For Emelerin, who requested the pairing of
Clark/Lex with the prompt of
"That was the winter of my discontent."
Warnings: Canon, what canon? Prodigal happened, and little else. Now be
a good fangirl and drink your cliches.
The Most Wonderful Time of The Year
Have you ever wondered why nobody ever built themselves a stone castle
in America? Aside from no longer needing to fight over ridiculously
tiny tracts of land, that is.
I'll tell you why. Because they *suck*! Damp, drafty, and all too often
smelling like barns. Also, I think the one in Smallville hates me.
Either that, or it simply didn't handle the transplant from Scotland so
I got out of the bath - the pipes to the shower burst the week before -
and my foot froze to the tile as neatly as a tongue to a metal post.
It hates me.
I'm a smart guy. I've got the degrees to prove it. Nobody as smart as
me would free 99.4% of their foot by force, leaving the other 0.6% stuck
to the tile, when there was an entire tub of warm water right beside him.
No way, not me. There had to be some other explanation for why I found
myself hopping into my room with a towel around one foot, looking for
Shit, did I even own band-aids? Usually I found myself needing some
combination of stitches, ice packs, Gatorade and antacids. I'm sure the
servants had some, but I was too caught up in the role of Lex the
Generous Employer, giving the help a week's paid Christmas vacation, to
do anything as simple as get them to write down a list of where stuff
was. A tiny version of Dad in my head bitch-slapped me.
I ended up maneuvering into my clothes without touching the foot while
it scabbed up. At some other time it would have been amusing, but there
was a draft assaulting my poor hairless person all the while. A brand
new draft; the latest batch of frost heaves had produced more cracks in
the stone that would have to be blocked up.
Rustic charm, my shiny white ass.
So. Bundled up, right foot shod and left foot - um, slippered, wishing
for nothing more than a roaring fire. And a toque. The toque was with
the snowboarding gear in Banff, but I could do the fire, or so I
thought. The concept of the castle hating me had not yet quite sunk in.
As billows of smoke chased me out of my own office, it occurred to me
that I should have made sure the people who replaced Amy's family had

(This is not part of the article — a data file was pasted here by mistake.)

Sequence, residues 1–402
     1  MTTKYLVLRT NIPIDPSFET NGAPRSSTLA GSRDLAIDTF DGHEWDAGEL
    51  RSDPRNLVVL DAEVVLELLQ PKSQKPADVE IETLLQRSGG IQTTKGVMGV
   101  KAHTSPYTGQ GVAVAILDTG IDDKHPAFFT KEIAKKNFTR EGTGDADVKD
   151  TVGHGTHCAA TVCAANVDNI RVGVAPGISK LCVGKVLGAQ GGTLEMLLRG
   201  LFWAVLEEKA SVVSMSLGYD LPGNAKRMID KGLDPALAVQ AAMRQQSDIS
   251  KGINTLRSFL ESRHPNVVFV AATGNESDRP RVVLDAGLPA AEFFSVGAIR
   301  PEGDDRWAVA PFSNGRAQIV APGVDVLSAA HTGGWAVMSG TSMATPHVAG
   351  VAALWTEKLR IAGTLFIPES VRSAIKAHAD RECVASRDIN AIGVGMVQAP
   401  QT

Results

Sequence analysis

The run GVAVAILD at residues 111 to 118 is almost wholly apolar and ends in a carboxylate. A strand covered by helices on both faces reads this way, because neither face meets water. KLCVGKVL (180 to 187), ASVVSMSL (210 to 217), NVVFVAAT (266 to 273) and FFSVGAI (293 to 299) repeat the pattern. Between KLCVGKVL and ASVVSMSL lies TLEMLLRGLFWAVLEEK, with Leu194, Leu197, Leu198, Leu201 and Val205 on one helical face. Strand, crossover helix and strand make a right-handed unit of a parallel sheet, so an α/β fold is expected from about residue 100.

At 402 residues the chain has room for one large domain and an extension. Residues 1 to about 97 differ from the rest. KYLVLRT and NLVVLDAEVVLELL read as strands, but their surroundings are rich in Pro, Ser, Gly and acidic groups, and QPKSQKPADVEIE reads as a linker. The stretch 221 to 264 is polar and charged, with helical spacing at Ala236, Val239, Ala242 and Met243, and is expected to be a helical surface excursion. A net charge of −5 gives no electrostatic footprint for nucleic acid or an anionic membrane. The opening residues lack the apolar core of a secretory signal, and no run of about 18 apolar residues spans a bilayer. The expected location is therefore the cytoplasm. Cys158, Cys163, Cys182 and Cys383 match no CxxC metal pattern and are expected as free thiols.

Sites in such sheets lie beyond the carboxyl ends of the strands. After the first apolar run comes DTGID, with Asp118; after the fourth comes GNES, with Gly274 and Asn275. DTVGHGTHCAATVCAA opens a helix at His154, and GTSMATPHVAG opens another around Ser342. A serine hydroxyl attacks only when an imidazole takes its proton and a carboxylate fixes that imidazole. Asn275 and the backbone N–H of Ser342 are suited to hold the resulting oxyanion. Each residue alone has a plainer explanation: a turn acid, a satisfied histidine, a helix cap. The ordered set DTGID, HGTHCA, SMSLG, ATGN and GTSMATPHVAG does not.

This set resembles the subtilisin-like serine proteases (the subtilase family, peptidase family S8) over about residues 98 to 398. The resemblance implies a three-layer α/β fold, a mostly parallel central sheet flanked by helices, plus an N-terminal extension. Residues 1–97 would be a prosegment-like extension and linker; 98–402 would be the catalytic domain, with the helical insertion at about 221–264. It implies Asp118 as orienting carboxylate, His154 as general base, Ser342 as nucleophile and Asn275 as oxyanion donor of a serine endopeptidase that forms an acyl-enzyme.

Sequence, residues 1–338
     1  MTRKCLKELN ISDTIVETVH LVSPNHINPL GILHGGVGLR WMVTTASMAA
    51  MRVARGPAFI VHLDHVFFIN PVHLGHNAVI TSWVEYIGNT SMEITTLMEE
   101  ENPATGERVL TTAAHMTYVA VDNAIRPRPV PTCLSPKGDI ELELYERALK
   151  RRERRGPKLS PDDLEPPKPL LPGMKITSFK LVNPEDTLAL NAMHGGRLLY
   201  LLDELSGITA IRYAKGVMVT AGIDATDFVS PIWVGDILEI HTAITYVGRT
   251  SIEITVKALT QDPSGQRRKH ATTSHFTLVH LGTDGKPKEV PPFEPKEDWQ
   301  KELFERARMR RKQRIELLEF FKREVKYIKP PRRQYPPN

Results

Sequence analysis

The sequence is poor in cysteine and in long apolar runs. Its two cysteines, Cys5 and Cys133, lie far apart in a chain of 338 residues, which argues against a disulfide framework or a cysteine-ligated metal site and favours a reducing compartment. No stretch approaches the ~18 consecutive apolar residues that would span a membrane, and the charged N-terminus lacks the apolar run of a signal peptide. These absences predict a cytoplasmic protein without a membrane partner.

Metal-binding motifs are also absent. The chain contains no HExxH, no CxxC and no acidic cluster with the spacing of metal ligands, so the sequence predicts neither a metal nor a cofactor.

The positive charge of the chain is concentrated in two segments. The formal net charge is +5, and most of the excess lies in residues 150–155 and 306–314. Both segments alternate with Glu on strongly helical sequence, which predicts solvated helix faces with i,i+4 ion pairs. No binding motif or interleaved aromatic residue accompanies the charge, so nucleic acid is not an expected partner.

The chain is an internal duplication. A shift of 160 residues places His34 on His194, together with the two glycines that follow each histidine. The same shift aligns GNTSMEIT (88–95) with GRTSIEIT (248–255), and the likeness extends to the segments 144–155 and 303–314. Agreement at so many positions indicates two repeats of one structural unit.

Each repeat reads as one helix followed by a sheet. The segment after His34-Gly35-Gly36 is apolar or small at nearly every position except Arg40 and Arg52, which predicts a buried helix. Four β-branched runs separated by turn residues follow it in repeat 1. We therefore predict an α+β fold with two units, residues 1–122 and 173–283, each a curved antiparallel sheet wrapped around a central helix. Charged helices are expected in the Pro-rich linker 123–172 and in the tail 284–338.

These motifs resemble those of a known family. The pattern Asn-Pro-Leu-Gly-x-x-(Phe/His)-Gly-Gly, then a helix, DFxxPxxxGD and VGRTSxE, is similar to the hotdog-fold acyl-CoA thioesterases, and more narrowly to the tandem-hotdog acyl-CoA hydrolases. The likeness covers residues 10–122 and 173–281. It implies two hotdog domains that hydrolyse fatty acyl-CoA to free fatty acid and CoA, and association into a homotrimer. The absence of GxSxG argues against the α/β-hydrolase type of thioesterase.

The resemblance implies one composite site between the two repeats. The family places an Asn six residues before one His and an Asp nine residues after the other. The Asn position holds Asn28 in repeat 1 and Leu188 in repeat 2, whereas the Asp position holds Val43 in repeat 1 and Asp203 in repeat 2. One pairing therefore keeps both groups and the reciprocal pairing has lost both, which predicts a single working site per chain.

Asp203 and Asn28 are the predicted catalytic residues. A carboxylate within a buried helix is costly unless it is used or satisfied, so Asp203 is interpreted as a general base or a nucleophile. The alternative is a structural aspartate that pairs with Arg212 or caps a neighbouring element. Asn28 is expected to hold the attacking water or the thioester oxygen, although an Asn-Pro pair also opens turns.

children. Small children, that I could have bribed with comics and weak
explosives to become my chimney sweeps. Or perhaps one could train
monkeys to do it. Things would get awkward when they tried to kill me,
though. They'd probably have to be put down, and then I'd have to find
a place in Smallville where no one would mind me disposing of dead, sooty
monkeys. Even in Metropolis, that would've been a challenge.
I was having a good snicker over the monkeys when I heard the familiar
*slamslamslamslam* of a succession of doors being flung open. One of my
many favorite things about Clark is how casually he treats objects he
hasn't realized are valuable.
"Lex!" he shouted, bursting into sight down the hall, looking sexy, and
worried, and sexy. Um.
"Over here, Clark."
"Are you all right?" I was treated to the patented Clark Kent
once-over, a long up-and-down look I would have teased him about had it not been
so squinty. "Fine," I assured him.
Clark gestured at the smoke curling under the door to my office.
"What's going on?" And now he was squinting at the door. I felt obscurely
"Nothing, for once. Just a stopped-up chimney."
"And your foot?"
"Just an accident."
"What *kind* of accident?" Poor guy, living all his life in Freakytown.
Considering the effect less than two years had had on me, I was
surprised Clark wasn't even more paranoid.
"The stupid kind." This wasn't fair; blushing was Clark's department.
"Okay. Why is it so cold in here? Where are all your people?" Maybe
Clark wouldn't do so badly in journalism after all; he was certainly
persistent in drawing out my own sordid tale of carelessly-sent-off
staff, and old friends who bailed on our bender in Europe to go home
and be mushy with their families.
"So, you're by yourself, on Christmas Eve, in a house that's falling
down around your ears?"
"Pretty much." I yanked open yet another cupboard door. "Aha! Fire
extinguisher!" I started back towards the office.
Three, two, one . . .
"Why don't you come stay with us?"
The aborted fire was mostly out already, but I covered it with a nice
thick layer of yellow fire extinguisher powder anyway. "I couldn't
intrude like that, Clark."
"Don't be stupid; you're not intruding. And I -- I want you there."
God, it would be so easy to take that line the wrong way. Down, Lex.
"Your parents wouldn't like it."
"Lex, you've stayed over before. Dad's cool with you now."
Boy had a point. My token resistance was crumbling like the east wing
of the Luthor ancestral home.
Clark hipchecked me, grinning. "C'mon, Lex. Please?"